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New polio vaccine may solve cold storage challenges

Photo Credit: The Scientist
by Wasay Ibrahim

Researchers at University of South Carolina (USC) have developed a polio vaccine that doesn’t need refrigeration. This development could go a long way in helping mankind finally eradicate the disease, as one of the reasons it continues to persist today is because many high-risk areas don’t have steady access to electricity or cold storage facilities.

Researchers initially used liquid chromatography and high-throughput screening to analyze the vaccine’s ingredients. Once this step of the process was complete, the vaccine was freeze-dried into a powder, kept at room temperature for four weeks and then rehydrated. When it was tested in mice subsequently, it offered full protection against the virus.

“Stabilization is not rocket science, so most academics don’t pay much attention to this field,” said the study’s first author, Woo-Jin Shin. “However, no matter how wonderful a drug or vaccine is, if it isn’t stable enough to be transported, it doesn’t do anyone much good.”

Researchers have previously created freeze-dried, temperature-stable vaccines for measles, typhoid and meningococcal disease.

Read more: How Pakistan Turned Around Its Vaccination Program Using Technology

Pakistan is one of the three remaining countries in the world where polio is still categorized as an endemic viral infection. The other two are Afghanistan and Nigeria.

Though Pakistan has made significant progress against the virus, progress continues to be hindered due to a variety of factors, including lack of cold storage facilities and mobile cold storage facilities.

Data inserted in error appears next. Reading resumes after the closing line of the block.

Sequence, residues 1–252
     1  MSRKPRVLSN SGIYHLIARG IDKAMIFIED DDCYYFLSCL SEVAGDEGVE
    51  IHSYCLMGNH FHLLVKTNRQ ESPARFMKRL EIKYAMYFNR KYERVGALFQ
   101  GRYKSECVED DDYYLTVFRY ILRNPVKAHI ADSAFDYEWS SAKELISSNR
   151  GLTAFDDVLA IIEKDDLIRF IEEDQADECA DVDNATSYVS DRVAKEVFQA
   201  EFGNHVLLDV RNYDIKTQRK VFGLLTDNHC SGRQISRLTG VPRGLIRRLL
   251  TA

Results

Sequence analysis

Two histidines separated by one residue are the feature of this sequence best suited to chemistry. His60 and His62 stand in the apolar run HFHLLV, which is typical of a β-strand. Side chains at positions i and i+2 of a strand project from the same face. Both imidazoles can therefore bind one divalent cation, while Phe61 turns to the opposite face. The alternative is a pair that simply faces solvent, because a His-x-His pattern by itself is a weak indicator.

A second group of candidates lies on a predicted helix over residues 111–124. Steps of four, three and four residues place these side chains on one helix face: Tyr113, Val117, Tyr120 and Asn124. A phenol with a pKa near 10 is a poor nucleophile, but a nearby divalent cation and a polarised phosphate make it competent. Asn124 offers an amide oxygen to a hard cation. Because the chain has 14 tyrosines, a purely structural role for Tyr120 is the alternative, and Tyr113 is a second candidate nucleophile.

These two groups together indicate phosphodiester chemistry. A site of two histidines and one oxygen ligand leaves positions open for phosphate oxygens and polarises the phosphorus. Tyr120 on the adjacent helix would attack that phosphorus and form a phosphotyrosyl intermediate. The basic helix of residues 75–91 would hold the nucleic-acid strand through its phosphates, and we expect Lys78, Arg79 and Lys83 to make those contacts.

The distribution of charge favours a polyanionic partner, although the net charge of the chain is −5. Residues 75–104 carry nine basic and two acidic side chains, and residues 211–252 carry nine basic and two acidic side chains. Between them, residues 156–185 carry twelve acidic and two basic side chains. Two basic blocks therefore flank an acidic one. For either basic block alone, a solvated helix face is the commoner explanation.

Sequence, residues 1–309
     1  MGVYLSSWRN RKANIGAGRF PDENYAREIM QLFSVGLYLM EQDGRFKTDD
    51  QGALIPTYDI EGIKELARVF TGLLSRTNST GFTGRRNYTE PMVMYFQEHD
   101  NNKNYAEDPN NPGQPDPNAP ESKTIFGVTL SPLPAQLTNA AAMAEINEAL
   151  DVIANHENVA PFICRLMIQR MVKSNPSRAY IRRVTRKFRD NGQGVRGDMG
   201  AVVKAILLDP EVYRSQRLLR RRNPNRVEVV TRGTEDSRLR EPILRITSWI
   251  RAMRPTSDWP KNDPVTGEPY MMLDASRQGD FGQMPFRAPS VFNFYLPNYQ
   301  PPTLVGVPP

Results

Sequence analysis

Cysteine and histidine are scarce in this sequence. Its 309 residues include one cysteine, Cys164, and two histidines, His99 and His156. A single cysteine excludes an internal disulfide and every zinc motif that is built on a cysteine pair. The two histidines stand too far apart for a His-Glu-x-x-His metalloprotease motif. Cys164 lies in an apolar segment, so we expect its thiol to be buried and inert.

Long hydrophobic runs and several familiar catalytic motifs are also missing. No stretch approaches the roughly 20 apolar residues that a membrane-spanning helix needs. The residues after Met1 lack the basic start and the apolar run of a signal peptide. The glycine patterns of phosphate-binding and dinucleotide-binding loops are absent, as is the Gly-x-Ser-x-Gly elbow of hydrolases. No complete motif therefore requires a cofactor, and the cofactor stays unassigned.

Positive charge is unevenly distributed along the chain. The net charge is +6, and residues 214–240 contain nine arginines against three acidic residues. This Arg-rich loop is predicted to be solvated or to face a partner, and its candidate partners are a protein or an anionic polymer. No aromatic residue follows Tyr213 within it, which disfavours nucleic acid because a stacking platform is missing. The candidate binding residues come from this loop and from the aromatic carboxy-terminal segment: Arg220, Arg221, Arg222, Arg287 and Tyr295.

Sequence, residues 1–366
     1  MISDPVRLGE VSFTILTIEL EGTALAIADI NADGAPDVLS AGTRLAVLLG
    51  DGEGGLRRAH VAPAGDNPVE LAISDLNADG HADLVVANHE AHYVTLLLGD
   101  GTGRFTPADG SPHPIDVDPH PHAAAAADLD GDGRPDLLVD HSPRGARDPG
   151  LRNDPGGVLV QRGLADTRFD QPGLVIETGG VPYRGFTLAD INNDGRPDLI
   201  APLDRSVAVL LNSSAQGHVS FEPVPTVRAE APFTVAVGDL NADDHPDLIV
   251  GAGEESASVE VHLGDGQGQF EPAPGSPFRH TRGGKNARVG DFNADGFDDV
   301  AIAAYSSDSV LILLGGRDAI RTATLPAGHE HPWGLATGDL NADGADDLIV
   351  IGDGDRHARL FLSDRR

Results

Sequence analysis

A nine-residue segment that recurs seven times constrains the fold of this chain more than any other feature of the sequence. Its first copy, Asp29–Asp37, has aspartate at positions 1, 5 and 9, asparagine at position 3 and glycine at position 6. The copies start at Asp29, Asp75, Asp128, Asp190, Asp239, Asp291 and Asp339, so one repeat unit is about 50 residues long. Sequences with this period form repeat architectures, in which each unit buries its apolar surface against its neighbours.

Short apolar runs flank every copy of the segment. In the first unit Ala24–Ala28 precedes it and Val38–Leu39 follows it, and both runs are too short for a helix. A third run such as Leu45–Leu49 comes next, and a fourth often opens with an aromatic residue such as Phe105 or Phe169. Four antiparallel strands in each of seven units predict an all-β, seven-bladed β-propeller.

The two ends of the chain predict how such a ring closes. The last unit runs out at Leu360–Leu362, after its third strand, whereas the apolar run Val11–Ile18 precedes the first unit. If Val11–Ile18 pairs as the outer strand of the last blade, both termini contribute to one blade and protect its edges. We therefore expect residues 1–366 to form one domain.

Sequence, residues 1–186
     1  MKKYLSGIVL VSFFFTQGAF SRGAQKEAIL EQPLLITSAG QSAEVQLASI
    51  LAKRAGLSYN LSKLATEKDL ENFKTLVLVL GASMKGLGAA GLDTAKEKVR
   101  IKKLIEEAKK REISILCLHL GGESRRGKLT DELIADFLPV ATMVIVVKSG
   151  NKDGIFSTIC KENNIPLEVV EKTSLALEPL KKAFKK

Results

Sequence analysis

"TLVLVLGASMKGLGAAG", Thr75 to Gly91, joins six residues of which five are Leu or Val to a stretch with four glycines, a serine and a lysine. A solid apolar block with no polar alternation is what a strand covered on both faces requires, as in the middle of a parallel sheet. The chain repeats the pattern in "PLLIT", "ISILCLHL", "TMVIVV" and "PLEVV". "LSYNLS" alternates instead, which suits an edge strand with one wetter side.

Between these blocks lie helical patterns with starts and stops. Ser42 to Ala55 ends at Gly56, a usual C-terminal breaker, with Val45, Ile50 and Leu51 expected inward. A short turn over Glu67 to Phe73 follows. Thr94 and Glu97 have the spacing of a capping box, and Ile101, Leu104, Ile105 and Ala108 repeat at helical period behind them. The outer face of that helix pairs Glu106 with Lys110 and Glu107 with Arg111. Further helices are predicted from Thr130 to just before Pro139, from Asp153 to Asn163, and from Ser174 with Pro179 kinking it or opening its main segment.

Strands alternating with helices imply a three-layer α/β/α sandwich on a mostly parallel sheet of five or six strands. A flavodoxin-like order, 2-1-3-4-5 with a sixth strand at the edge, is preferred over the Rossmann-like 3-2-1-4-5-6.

Speaking to MIT Technology Review, a UNICEF media officer explained, “currently vaccines have to be flown to Islamabad directly from manufacturing plants, and then placed in cold storage before being dispatched to warehouses in districts all over the country in specialized cold storage vehicles. From here, the vaccination teams have to go door-to-door, delivering vaccines using coolers with ice cubes.”

“Maintaining this ‘cold chain’ in the summers is exceedingly difficult,” he added, “temperatures in parts of Punjab, Sindh and Balochistan can reach 50 degrees celsius, while the vaccine must be kept between zero and eight degrees celsius.”

The more remote the location, the more difficult it is to maintain the cold chain, as this increases the likelihood of mobile cold storage systems failing. Batches would be particularly vulnerable in the final stages of the drive when vaccinations are being delivered door-to-door. Administration of spoiled or expired vaccines could not only fail to protect against the virus, it can be dangerous in and of itself. According to reports in the media at least three children died in Peshawar in April this year, while four others were hospitalized because of expired polio vaccines.


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